image courtesy of



Year of release: 1988

Company: D&B Films

Genre: action

Running time: 92 min.

Director: Yuen Woo-Ping

Script: Wong Wing Fai, Kim Ip

Action directors: Yuen Cheong Yan, Yuen Shun Yee, Yuen Yat Chor, Wong Kwan, Donnie Yen

Producer: Stephen Shin

Cinematography: Tomato Chan, Kim Lee

Music: Donald Ashley

Stars: Jacky Cheung, Simon Yam, DoDo Cheng, Donnie Yen, Michael Woods, Law Kar-Ying, Irene Wan, Ng Man-Tat

Rated IIB for violence

Related links:

DVD Review
Simon Yam biography
Donnie Yen biography
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Tiger Cage

Tiger Cage

Jacky Cheung. Image courtesy of Universe.

Tiger Cage is one of those films that you never hear too much about, mostly because it doesn't feature one of the "big names" like Jet Li, Jackie Chan or Chow Yun-Fat. But those viewers willing to give it a chance will probably be pleasantly surprised. It's not a blockbuster by any means -- but for solid action, you could do a lot worse.

The story revolves a group of cops led by Simon Yam. After DoDo Cheng's finacee is killed, a drug running ring with ties to the department is revealed, and the group must try to find out who is on the right side of the law. This plot isn't anything mind-blowing, but the film-makers do a good job of hidng who is good and bad, and manage to hold a few surprises for the viewer.

Tiger Cage

DoDo Cheng. Image courtesy of Universe.

It seems that during the "golden age" of Hong Kong movies, there was almost an overabundance of talent, and Tiger Cage reflects this. There are just too many characters at work here, and the film can't seem to find a true protagonist, ping-ponging between Jacky Cheung, DoDo Cheng and Donnie Yen. This tends to slow down the movie during the exposition scenes, as the audience struggles to find symapthy with the characters. Yuen Woo-Ping's direction also tends to be a bit lackluster -- perhaps not concidentally, Tiger Cage ventures from the kung fu comedies Yuen is best known for. The movie holds together fine, but it needed more polish for the dramatic scenes to truly work.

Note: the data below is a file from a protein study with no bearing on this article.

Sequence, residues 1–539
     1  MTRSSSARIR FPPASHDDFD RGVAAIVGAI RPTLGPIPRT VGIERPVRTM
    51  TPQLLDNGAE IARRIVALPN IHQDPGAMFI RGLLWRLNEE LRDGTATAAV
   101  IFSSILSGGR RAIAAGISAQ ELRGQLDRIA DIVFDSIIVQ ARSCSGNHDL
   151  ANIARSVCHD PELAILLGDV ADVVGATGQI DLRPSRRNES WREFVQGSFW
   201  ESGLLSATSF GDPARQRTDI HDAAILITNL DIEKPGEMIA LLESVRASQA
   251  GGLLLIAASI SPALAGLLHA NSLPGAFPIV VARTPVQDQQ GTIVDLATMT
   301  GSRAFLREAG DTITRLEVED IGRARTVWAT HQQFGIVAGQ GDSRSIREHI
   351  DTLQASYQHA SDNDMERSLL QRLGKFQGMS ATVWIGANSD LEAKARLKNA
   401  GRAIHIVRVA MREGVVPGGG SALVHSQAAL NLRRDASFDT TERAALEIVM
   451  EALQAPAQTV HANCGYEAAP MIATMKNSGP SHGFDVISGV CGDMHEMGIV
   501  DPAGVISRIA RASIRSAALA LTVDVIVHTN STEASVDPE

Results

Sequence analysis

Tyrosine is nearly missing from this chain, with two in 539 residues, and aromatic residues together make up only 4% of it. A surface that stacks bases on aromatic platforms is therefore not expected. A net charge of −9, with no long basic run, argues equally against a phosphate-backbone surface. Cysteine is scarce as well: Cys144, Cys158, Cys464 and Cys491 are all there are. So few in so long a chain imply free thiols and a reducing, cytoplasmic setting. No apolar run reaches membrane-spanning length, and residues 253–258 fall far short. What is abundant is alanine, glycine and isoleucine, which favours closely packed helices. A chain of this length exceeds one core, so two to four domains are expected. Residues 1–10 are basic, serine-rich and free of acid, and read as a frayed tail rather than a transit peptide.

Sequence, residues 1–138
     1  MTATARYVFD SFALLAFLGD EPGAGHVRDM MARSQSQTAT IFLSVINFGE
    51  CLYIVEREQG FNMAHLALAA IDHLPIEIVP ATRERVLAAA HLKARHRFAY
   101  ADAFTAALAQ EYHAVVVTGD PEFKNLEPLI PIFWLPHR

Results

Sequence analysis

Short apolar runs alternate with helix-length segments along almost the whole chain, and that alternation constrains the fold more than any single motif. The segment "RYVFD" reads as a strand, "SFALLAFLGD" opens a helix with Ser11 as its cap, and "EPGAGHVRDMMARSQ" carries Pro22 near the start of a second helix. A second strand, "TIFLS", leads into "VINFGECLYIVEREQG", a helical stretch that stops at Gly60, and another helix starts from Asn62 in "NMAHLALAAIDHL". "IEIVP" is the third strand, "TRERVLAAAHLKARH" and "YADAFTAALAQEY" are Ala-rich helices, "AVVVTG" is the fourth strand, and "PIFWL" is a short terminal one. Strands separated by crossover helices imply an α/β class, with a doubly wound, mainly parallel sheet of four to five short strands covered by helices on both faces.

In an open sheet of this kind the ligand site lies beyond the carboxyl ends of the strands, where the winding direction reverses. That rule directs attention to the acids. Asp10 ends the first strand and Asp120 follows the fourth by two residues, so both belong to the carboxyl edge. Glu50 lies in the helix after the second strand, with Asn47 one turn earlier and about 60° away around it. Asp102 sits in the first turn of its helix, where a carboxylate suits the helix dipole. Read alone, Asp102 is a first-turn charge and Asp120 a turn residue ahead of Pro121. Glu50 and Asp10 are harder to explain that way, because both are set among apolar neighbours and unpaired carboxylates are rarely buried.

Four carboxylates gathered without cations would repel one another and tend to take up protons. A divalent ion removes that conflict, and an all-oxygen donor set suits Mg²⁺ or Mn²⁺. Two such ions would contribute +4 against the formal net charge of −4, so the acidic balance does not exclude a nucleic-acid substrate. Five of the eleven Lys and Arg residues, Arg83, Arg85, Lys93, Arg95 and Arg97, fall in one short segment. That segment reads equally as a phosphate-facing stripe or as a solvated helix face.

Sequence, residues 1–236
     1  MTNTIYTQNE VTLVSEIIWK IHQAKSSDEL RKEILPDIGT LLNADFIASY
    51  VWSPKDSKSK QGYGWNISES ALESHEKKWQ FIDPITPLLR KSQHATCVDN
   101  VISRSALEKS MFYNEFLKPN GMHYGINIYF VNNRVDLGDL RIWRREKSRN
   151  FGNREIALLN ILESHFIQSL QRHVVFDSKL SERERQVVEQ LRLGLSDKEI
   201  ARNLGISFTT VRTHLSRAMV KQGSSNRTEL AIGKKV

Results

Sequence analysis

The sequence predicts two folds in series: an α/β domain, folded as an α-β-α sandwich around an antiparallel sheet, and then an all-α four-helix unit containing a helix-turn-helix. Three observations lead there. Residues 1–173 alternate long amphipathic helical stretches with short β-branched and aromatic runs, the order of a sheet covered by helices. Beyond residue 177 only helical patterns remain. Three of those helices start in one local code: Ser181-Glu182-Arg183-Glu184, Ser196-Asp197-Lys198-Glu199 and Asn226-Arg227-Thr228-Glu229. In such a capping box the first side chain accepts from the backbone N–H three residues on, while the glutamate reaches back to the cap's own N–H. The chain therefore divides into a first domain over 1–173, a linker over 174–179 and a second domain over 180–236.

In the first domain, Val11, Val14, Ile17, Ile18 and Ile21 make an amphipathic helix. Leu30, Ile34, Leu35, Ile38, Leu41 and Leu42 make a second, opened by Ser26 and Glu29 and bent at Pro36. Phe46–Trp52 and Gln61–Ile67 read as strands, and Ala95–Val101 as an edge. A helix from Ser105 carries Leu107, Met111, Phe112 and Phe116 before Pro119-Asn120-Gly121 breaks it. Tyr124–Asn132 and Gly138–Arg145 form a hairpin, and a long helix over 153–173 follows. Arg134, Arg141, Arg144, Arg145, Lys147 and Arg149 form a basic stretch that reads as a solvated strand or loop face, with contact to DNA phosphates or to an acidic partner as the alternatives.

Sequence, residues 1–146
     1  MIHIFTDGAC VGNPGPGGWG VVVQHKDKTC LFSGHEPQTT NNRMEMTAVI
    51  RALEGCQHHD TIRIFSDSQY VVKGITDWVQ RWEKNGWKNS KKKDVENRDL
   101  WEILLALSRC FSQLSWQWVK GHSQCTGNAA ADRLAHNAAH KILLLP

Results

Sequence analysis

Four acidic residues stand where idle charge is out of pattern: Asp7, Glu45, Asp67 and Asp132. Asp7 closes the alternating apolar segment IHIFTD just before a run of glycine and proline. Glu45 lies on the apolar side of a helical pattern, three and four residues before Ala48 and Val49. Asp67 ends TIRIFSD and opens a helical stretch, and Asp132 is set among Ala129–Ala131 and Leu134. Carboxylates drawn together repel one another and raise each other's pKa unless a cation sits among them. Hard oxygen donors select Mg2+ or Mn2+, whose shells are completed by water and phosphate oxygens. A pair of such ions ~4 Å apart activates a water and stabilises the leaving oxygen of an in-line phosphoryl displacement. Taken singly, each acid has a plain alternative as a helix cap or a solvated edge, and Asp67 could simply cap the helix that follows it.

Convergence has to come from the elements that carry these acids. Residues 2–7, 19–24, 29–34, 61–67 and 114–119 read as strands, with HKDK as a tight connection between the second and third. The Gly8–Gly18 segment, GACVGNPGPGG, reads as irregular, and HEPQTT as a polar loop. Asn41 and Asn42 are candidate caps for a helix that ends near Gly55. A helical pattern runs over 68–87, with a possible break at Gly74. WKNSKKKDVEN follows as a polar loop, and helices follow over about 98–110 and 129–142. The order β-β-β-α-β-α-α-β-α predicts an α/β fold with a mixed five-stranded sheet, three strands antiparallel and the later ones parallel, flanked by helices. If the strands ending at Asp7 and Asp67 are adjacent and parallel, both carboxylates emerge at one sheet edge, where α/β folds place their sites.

However, as you might expect from a movie with five action directors, Tiger Cage delivers action and lots of it. From the first few minutes, Tiger Cage delivers a steady steam of fisticuffs and gun fu that should keep any action fan happy -- I just wish there was more of it. Compared to some other films that came out around this time, Tiger Cage (even though it is very violent in parts) comes off as a bit limp. Still, there are several outstanding scenes, most notably a brutal fight between Donnie Yen and Michael Woods, which is one of the best fight sequences to come out during this time. If you're looking for a deep and philosophical film or one with great acting, then look elsewhere. But action fans should keep an eye out for this lesser-known, but still entertaining, flick.

Tiger Cage

Donnie Yen. Image courtesy of Universe.